// verify

  double * da;

  int * db;

  double * dc;

  int npart = 20971520;

cudaMalloc( (void **)&da, sizeof(double) * npart * 7 );

  cudaMalloc( (void **)&db, sizeof(int)   * npart * 3 );

  cudaMalloc( (void **)&dc, sizeof(double) * npart * 3 );

double * ha = (double*)malloc(sizeof(double) * npart * 7);

  for(int i=0; i<npart*7; ++i)   ha[i] = 1.0*i/npart;

cudaMemcpy(da, ha, sizeof(double)*npart*7, cudaMemcpyHostToDevice);

cuda_verify( da, db, dc, npart );

cudaFree(da);

  cudaFree(db);

  cudaFree(dc);

  free(ha);

}

More specifically, in the middle of kernel, if I write double array ( double * c ) first, then the int array ( int * b ),

c[ibase+0] = ox; c[ibase+1] = oy; c[ibase+2] = oz;

  b[ibase+0] = ix; b[ibase+1] = iy; b[ibase+2] = iz;

it has lots of inconsistency in the double array and none in the int array. Vice versa. If both array b and c are of the same type, then the readback is always consistent with the write value.

Anyone has any idea about whats going on here? Thanks!

Hi all,

I have been struggling with the strange device memory access problem for couple days. Basically, if I write a value to a piece of device memory, and read it back immediately, it has a big chance that the readback is not equal to the value just wrote. The complete verify code is as follows,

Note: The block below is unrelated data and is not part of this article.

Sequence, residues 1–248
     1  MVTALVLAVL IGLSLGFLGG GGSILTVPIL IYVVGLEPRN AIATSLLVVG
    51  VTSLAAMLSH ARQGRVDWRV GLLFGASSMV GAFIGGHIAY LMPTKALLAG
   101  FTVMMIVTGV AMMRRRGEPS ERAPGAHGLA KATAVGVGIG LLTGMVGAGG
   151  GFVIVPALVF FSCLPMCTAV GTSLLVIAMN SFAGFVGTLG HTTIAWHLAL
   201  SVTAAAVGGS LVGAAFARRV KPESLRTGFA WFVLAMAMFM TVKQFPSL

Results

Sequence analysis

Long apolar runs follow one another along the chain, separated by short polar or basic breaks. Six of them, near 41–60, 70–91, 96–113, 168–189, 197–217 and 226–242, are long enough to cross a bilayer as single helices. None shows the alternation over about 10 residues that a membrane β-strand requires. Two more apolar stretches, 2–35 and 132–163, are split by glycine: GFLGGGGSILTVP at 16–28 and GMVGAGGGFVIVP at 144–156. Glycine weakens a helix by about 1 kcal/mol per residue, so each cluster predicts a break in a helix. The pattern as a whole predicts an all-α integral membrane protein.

kernel.cu

#include <iostream>

__global__ void 

  kernel_verify( double * a

       , int    * b

       , double * c

       , int      npart

       , int    * counter

       )

{

  int i = (blockIdx.x<<16) + (blockIdx.y<<8) + threadIdx.x;

  if( i>=npart ) return;

int pbase = i*7;

  int ibase = i*3;

double px, py, pz;

  double ox, oy, oz;

  int    ix, iy, iz;

px = a[pbase]; py = a[pbase+2]; pz = a[pbase+4];

double temp;

temp = (px-0.0)/0.01 + 0.5;

  ix = floor(temp);

  ox = temp-ix;

temp = (py-0.0)/0.01 + 0.5;

  iy = floor(temp);

  oy = temp-iy;

temp = (pz-0.0)/0.01 + 0.5;

  iz = floor(temp);

  oz = temp-iz;

b[ibase+0] = ix; b[ibase+1] = iy; b[ibase+2] = iz;

  c[ibase+0] = ox; c[ibase+1] = oy; c[ibase+2] = oz;

int iix, iiy, iiz;

  double oox, ooy, ooz;

iix = b[ibase]; iiy = b[ibase+1]; iiz = b[ibase+2];

  oox = c[ibase]; ooy = c[ibase+1]; ooz = c[ibase+2];

if( iix!=ix || iiy!=iy || iiz!=iz ) 

    atomicAdd(counter, 1);